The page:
Toyota says the goal of the RAV4 redesign was to convey “adventure and refinement.” OK. For RAV4 observers, the new RAV4 stands out with more chiseled details. The wheel arches, formerly smooth arches, have been flattened at the top for a more trucker look. Likewise, the front fascia is more linear, with a new grille that is almost flat and perpendicular to the road. Expressive stock multi-LED headlights stick out of the fenders and the fog lights are deeply recessed into the lower openings of my Adventure model. At the rear, a top-hinged tailgate carries large rectangular LED taillights that echo those of the big brother 4Runner. Inside, a very well-balanced dashboard with a horizontally layered appearance and a center-mounted touchscreen is, according to the design brief, very refined. The Adventure trim receives special orange interior accents that add spice to the dashboard, seats and door panels.
The RAV4 uses four-wheel independent suspension, typical of crossover vehicles. Up front you’ll find MacPherson struts with a sway bar, while at the rear, a triangular-style multi-link rear setup with a sway bar handles bumps and ruts. The steering is electric, powered by a motor mounted on the rack of the rack and pinion system.
My all-wheel-drive Adventure model was equipped with Multi-Terrain Select, a system that allows riders to switch on the fly from standard modes to Mud and Sand or Rock and Dirt modes for better off-road performance.
The RAV4 receives the Toyota Safety Sense 2.0 (TSS 2.0) as standard. The safety package includes a Pre-Collision System with Pedestrian Detection (PCS with PD), Dynamic Full Speed Radar Cruise Control (DRCC), Lane Departure Warning with Steering Assist (LDA with SA), Automatic High Beam (AHB), Lane Keeping Assist (LTA) and Traffic Signaling Assistant (RSA). All trim levels except the LE get a Blind Spot Monitor (BSM) with Rear Cross Traffic Alert (RCTA) and Rear Cross Traffic Braking (TCTB) as standard – optional on the THE. XLE and above can add Intelligent Clearance Sonar (ICS), which is standard on Limited. Eight airbags are standard, along with Toyota’s Star safety system. Hill Descent Control and Trailer Sway Control are also standard, and a nifty digital rearview mirror system that replaces the reflected view with an image captured by a rear camera is available.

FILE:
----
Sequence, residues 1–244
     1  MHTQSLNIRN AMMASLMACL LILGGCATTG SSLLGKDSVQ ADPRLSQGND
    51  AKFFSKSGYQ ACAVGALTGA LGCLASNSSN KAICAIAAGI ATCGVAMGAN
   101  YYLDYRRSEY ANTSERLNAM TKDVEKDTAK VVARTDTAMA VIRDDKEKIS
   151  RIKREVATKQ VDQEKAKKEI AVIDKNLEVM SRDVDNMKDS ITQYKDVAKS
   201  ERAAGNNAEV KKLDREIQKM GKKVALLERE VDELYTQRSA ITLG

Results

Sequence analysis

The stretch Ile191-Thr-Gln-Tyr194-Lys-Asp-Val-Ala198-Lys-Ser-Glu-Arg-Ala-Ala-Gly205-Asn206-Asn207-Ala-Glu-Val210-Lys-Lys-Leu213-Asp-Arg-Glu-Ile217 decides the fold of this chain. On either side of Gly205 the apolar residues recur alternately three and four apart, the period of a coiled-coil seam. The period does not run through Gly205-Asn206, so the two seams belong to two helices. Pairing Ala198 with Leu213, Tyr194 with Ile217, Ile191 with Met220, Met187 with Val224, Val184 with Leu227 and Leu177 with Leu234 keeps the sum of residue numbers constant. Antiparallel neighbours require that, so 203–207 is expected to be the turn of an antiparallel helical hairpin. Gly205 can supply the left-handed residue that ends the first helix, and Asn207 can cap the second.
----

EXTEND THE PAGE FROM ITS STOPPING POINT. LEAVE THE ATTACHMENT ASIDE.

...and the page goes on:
The new gasoline engine is crisp, although it sounds a bit harsh when pushed hard. The eight-speed automatic transmission is well matched to the engine power. My AWD RAV4 included Dynamic Torque Vectoring, a system that can direct up to 50% of the engine’s power to the rear wheels and move it side to side, depending on the needs of the vehicle, thus improving the feel and handling when cornering. The best feature of this grown-up RAV4 is that rare personality trait for a compact crossover: it’s fun to drive.
The RAV4 has made a big leap into its fifth generation, and should attract even more buyers without abandoning its loyal followers. There are other compact crossovers to consider, including the Honda CR-V, Nissan Rogue, Subaru Forester, Chevrolet Equinox, Hyundai Tucson, Kia Sportage, Ford Escape, and Mazda CX-5.
Some potential buyers may experience sticker shock when they see that a loaded 2019 Toyota RAV4 AWD Adventure is approaching $ 40,000. A base RAV4 LE starts at $ 26,450, so there’s plenty of room between the goalposts. As a longtime Toyota 4Runner fan, I have always looked beyond the RAV4 when considering the Toyota SUV lineup. The new RAV4 AWD Adventure, however, eventually grew to the point where my head could be turned.